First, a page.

In view of all his suffering, perhaps the FA might have the decency to call this new formula the Rio Procedure, and in this way have it as a permanent monument to his contribution to football reform. For who else deserves credit for making the point so dramatically that some footballers are so stupid, or irresponsible, that they need to have testers adhere to them like hound-dogs right up to the dramatic moment when, in one heart-stirring flow of co-ordinated action, unfasten their flies and pee into a bottle?
It is also apparently true that Andy Cole, whose salary is not too unadjacent to Ferdinand's, complained to his professional body, the Professional Footballers' Association, because his manager at Blackburn, Graeme Souness, reacted angrily to his plan to fly home early from the team's "bonding" trip to Marbella. Why did Cole want to come home two days before his team-mates? Because he promised his wife he would babysit while she went on a shopping spree.
Sometimes you have to wonder how all this sort of thing plays with hard-working men and women who pay exorbitant amounts to take their children to football ... and for cheaply made souvenir team-shirts bearing names like Ferdinand and Cole. Maybe they choose not to think about it. Maybe they manage something beyond the persecuted Rio. Perhaps they are able to tune out with the EastEnders.
Spanish classics exposed Premiership claims
Just around the corner from Cheltenham Ladies' College one night last week, when the racegoers were again trying to reproduce some of the effects of the fall of the Roman empire, a publican had strategically placed some large colour televisions. This made it easier for everyone to see every breathtaking move in the Spanish Cup final between Real Madrid and Real Zaragoza. Or at least it should have done.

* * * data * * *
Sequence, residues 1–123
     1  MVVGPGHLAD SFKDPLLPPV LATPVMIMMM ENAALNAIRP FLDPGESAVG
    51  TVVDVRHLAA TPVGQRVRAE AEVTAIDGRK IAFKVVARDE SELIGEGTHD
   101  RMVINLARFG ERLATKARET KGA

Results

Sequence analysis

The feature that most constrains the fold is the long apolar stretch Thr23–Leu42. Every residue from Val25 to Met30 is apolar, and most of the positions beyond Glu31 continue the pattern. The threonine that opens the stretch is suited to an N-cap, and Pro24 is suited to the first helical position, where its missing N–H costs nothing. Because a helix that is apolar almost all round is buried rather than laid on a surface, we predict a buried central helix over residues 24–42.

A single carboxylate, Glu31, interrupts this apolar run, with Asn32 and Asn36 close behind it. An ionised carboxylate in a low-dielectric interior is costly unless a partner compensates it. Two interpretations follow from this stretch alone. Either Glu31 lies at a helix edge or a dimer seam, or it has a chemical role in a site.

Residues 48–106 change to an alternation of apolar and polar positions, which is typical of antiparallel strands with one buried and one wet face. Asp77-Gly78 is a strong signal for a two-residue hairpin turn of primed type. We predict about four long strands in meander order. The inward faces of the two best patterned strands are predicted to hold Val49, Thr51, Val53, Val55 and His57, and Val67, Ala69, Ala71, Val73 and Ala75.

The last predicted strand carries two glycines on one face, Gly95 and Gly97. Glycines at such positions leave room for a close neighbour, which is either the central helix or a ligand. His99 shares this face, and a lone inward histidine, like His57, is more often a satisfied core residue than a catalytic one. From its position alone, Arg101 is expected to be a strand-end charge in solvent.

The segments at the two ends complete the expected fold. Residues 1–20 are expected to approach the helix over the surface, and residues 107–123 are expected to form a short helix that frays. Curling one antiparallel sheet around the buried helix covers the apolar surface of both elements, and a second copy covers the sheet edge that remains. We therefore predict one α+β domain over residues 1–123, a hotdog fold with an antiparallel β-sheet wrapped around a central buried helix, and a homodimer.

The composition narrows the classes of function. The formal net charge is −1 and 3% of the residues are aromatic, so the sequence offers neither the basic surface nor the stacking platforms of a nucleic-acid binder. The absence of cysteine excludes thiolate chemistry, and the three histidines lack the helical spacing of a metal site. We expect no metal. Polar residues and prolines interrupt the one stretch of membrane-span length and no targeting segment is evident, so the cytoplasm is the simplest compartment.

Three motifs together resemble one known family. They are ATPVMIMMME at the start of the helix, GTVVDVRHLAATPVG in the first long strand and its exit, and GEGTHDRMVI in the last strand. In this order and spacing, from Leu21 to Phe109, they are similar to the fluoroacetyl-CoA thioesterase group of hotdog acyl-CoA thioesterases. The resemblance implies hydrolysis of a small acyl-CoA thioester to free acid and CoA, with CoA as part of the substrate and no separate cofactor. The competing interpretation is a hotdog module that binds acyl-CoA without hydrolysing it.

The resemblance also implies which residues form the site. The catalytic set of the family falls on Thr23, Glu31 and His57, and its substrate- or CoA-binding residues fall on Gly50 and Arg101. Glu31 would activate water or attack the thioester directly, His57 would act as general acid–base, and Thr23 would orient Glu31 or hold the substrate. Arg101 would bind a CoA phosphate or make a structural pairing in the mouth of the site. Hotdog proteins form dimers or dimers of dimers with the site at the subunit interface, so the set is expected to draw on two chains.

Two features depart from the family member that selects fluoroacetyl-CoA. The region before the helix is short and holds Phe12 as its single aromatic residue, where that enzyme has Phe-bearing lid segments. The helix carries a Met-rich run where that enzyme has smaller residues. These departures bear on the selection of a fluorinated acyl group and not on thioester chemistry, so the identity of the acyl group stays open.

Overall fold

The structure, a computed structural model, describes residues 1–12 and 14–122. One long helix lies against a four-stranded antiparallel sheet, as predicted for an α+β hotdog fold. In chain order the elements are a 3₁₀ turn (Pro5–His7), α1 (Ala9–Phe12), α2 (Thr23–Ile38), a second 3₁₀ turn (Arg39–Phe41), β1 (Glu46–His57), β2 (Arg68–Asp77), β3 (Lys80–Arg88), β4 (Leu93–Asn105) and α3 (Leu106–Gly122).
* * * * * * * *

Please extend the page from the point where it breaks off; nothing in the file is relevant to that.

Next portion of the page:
The fact was the publican, an obliging fellow, had also staffed the bar with some young ladies who would bring shock and vapours to the staff room of that nearby educational establishment. This was especially so when they performed impromptu cabaret, some of it involving the filling of delicately poised champagne glasses. Result: no more than a fleeting glance at an epic football match.
This was in one way a pity because the game - apart from producing, like the weekend duel with Athletic Bilbao, a shattering defeat for Real Madrid - was a classic example of football played with skill, pace and tremendous character.
Most noticeable, apart from the fact that both Real's opponents had obviously paid serious mind to the demands of defence, was the willingness, and even more crucially, the ability of defenders to get on the ball and play, really play. The overall impact was to make the claims of the Premiership that it is the best league in the world seem more than usually hollow.
It also made you speculate that there may be an additional reason beyond Posh's reluctance to move to Madrid for David Beckham's alleged desire to return to the English game. Becks kicked a water bucket in frustration when he was pulled off the field a few minutes before the end of the Bilbao game. He may also be yearning for the wide open spaces, and porous defences, of home.Reuse content